Mr. Asimov has written eloquently on several occasions, both in The Times and at his blog The Pour, about the rarefied pleasure of experiencing the Champagnes of Anselme Selosse. Foolishly having passed on an opportunity to drink Selosse last year, I finally rectified the situation just a few nights ago. It was the kindness of strangers that made it possible. My clients, for whom Selosse’s “Substance” served as an aperitif, were generous enough to send me home with the remaining half-bottle or so at the end of a long night spent serving many big name wines. For that I am indebted to them, as I cannot and therefore do not buy $200+ bottles of wine. Were I to, though, this might be the one.
Champagne Grand Cru Blanc de Blancs Brut “Substance,” Jacques Selosse (Anselme Selosse) NV
$225-250. 12.5% alcohol. Cork. Importer: Rare Wine Company, Sonoma, CA.
If I’d had my druthers, I would have decanted “Substance” at that dinner party. Pouring it straight into flutes didn’t give the wine enough chance to come out from under its bottle aromas or to show its full breadth. That is not to say it wasn’t immediately enticing – it was – but rather that it immediately hinted at greater stuff to come. First impressions were of richness and maturity, a partly oxidative nose backed up by scents and flavors of deeply yeasty bread and ripe orchard fruits. Between my work and the wines to come, it passed by far too quickly.
It was on the second day that I really got the chance to experience more of the wine’s full spectrum. Poured in a white wine glass, it appeared well on its way to tranquility, though appearances deceived as its fine mousse never dissipated over the course of the next three hours. The larger glass made it much easier to appreciate the wine’s color as well, not so much the burnished golden tone of mature Champagne as it was the radiant hue of light peach or apricot flesh. There was still an oxidative aromatic note, one that bolstered rather than diminished the wine’s complexity. Brioche, mocha, lightly roasted coffee and hazelnut scents wafted from the glass. Incredibly youthful and fresh on the palate, the wine’s finish lasted for minutes, starting at the tip of the tongue and leaving a lasting impression all the way down the gullet.
With time in the glass and the approach of cellar temperature, the wine just got prettier and prettier, more and more detailed, calling into focus the fact that Selosse works first and foremost with great fruit. The wine’s minerality and vinosity, too, became more apparent. Chamomile, orange zest, toasted almonds, peach butter and spicy minerality – it was all there. Just smelling the empty glass between pours there was a lingering aroma of white sands, gentle surf and seashells. Pour a touch more and there was tarte tatin, nutmeg and yet more profound minerality.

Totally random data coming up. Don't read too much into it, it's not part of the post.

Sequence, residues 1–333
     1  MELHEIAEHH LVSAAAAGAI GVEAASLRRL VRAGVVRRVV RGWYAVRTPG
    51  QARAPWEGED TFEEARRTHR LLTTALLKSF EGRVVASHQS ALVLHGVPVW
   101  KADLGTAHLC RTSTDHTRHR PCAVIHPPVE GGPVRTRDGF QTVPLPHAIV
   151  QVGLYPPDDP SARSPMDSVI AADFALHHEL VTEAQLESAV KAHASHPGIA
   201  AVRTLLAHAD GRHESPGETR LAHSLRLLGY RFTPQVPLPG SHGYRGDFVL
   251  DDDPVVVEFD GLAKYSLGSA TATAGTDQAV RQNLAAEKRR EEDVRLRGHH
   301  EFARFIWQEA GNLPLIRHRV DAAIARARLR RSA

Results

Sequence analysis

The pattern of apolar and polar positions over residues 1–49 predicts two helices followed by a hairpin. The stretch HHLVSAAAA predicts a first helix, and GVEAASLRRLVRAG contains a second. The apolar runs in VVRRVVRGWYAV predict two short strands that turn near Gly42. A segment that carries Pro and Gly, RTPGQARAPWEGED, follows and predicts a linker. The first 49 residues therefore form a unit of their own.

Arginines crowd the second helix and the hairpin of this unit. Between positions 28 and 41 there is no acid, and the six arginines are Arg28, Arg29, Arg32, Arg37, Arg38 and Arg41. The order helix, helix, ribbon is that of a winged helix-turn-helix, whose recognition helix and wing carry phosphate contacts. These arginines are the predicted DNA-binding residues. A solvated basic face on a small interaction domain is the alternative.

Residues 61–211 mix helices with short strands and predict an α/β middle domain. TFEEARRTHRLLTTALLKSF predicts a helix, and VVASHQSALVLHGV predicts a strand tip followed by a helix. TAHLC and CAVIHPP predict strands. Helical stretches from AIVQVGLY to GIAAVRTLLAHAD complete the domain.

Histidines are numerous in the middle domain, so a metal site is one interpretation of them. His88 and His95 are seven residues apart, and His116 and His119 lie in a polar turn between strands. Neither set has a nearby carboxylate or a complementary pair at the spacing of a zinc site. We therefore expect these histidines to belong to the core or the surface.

What I liked most about the wine, as if all the above weren’t enough, was its texture. Simultaneously delicate, powerful and amazingly deft, it was voluptuous and creamy at first feel, chewy and edgy at the next, yet all along I could sense every nuance. Nothing was glossed over or wiped away by undue opulence. Even the wine’s wood influence was subtle and elegant, lending an undercurrent of buttered toast to the whole experience.
This was as profound a tasting experience as I’ve had in a long time. The wine just kept improving over the course of three+ hours. The always-curious, pseudo-scientific side of me wishes I’d saved a glass for day three. The hedonist in me, though, was having none of that.
I’m guessing that this bottle, disgorged on March 3, 2008, contained base wines from no more recently than 2004. As the label notes indicate, the wine’s structure suggests a long life ahead for those willing to wait.
Update: With a little research, along with some thoughtful help from Peter and Sharon, it turns out that Selosse usually ages "Substance" for four-to-five years in bottle prior to disgorgement (I'd taken an educated guess at a three-to-four year regime). So, it's likely that the most recent wine included in this bottle was from 2003, maybe even 2002. It turns out that Anselme also includes a significant amount of solids each time he replenishes the solera, making for an extended lees aging regime even before the wine is bottled.
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In addition to the pieces from Eric Asimov mentioned above, there’s other good information about Selosse at Rare Wine Company’s website and at Château Loisel. Not surpsingly, Peter Liem also has a thing or three to say about Selosse’s terroir as well as, in more general terms, the use of soleras in Champagne.